One of the biggest misconceptions with people new to backcountry skiing is that alpine boots and heavier bindings are just no good for touring.  As someone who is fairly lazy and by no means a triathelete Greg Hill-type, yet tours 30-40 days a season in alpine boots w/ 120 flex and heavy 190cm, 105mm skis, I can say for sure this is a crock.  All my touring partners are the same - no AT boots - yet every year we find ourselves on some hut trip in BC or Urp with plenty 7-8K days and not a single issue with our gear on the up or down.  So far, non of us have had trouble keeping up with the 'featherweight' crowd.

 

Are we handicapping ourselves?  If our focus was on the climb, then yes, absolutely.  If I were a touring guide punching in skin tracks all season long, or a rando-race geek looking for speed, or a sponsored mountaineer looking to chock up a resume of impressive ascents/descents, then Dynafits are the obvious choice.  And I guess the same can be said for those skiers who really don't need that little extra bit of performance on the down because they simply are unable to utilize or care enough to appreciate it as much as getting to the top 10 minutes quicker.  

 

I know I too will be on them eventually when the right boot comes along and I'm willing to dial back the amount of energy I put into my skiing, but in the meantime - I'm not.  Therefore, Markers and alpine boots will be on my feet this year.  If they also happen to impress the girls, that's just another unexpected benefit.

post #41 of 43


 

Quote:
Originally Posted by SHREDHEAD View Post


Has anyone skied a whole season on Dynafit's, primarily inbounds,  at a big mountain like Jackson, Snowbird, Squaw?  How did they hold up?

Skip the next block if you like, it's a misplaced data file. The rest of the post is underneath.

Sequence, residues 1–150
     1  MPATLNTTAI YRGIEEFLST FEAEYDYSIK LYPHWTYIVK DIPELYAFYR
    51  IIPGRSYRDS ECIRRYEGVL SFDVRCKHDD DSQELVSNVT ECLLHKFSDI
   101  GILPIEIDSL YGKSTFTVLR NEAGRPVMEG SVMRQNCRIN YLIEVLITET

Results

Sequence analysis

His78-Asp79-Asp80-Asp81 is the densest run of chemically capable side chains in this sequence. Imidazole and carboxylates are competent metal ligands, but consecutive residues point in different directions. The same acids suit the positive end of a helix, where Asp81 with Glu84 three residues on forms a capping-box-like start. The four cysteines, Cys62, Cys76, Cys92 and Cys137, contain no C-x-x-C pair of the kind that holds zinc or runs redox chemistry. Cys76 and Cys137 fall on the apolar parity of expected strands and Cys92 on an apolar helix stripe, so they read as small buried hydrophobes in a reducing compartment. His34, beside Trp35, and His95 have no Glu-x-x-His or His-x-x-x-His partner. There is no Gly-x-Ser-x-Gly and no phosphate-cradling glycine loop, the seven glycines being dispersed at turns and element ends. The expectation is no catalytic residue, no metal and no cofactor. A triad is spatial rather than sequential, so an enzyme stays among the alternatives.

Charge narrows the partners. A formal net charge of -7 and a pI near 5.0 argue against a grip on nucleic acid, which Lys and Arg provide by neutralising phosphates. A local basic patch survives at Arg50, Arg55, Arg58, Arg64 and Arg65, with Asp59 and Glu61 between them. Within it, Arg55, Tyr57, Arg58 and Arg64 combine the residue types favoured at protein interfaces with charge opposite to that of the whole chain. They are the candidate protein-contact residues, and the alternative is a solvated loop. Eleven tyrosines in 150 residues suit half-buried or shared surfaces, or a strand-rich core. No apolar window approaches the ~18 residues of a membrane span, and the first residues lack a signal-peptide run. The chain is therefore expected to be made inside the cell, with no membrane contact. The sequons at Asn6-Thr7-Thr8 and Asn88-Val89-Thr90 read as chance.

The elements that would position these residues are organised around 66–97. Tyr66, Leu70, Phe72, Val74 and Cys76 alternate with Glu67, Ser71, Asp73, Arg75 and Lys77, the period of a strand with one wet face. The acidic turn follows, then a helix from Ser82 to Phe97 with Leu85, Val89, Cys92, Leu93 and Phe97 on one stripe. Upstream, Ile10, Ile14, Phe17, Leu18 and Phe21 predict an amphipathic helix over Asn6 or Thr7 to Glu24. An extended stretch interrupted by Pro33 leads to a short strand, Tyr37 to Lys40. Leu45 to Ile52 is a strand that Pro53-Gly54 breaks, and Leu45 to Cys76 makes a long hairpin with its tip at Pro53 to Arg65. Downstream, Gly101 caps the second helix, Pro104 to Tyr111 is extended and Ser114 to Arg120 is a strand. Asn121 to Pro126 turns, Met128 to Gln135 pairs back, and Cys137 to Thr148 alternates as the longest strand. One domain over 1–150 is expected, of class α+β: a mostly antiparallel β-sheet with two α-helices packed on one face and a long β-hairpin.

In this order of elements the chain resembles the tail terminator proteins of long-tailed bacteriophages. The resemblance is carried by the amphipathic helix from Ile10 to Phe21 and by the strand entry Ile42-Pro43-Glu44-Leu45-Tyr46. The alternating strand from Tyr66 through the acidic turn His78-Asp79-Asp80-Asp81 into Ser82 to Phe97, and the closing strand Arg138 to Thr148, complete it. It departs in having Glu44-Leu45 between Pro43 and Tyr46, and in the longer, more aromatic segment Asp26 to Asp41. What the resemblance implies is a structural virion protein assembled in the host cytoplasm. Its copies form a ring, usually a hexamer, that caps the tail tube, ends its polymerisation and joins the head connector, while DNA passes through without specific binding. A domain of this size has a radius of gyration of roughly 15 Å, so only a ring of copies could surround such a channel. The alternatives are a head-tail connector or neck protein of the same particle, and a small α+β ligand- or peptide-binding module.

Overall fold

What boot and ski are you using?

 


Really tiring of this thread too but wanted to respond to this. I clocked about 15-18 days here in Crested Butte on my Dynafits + Garmont Radiums last year. And as you probably know, CB has few rivals in big mountain terrain. No problems with the binding holding up. Actually, had more problems with my Dukes but that was *ahem* more user error than a slight on the binding. Don't ask me why they're holding up. It sort of defies logic but they do.

 

They're on a pair of 188 Bro Stiffs. It isn't my favorite setup (that would be my JJs) but I use it a lot if I am going to be lapping a bunch of the hike to/out terrain like Teo, Third Bowl or the top of Spellbound. I find that I do more laps on the weekends or get that extra lap in when I am only skiing a morning or afternoon. Thinking back, one of my top 5 grueling days on AT gear was in bounds. Amazing how many laps you can work in when a lift is doing 80% of the work.

post #42 of 43

 

Quote:
Originally Posted by cheapseats View Post

Some of us came strickly from an alpine skiing background - from lessons to racing to ski bumming - so our priority and focus has always been on the down and whatever can help it.  We grew up in the days of flimsy leather lace-ups, cable bindings & skinny skis.  Been there.  Done that.  


Me too.  

 

Quote:

Now, I realise the OP & Bob L are trying to point out that heavier gear doesn't belong (or isn't needed) in the backcountry, and they're right... _for them_.  

 

I think you mis-read me, friend.  I don't care what gear people ride the backcountry - the important thing is that they get into the backcountry.  What I've been attempting to address in this thread is people that claim they need Marker Dukes and/or their alpine boots to ski bc.